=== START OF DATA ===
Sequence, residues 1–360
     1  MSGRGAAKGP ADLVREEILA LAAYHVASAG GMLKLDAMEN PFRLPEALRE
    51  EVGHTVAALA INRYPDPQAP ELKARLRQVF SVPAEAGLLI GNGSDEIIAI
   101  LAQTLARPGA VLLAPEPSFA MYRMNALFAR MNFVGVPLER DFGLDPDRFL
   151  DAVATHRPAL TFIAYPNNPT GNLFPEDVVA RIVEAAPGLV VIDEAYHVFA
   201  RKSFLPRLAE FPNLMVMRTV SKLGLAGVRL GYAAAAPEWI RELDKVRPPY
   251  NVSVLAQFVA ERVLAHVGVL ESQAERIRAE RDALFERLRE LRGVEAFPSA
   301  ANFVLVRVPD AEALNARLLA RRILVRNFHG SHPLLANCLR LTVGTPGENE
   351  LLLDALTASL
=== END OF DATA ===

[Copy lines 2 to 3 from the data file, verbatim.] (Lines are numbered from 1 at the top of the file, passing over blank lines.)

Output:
     1  MSGRGAAKGP ADLVREEILA LAAYHVASAG GMLKLDAMEN PFRLPEALRE
    51  EVGHTVAALA INRYPDPQAP ELKARLRQVF SVPAEAGLLI GNGSDEIIAI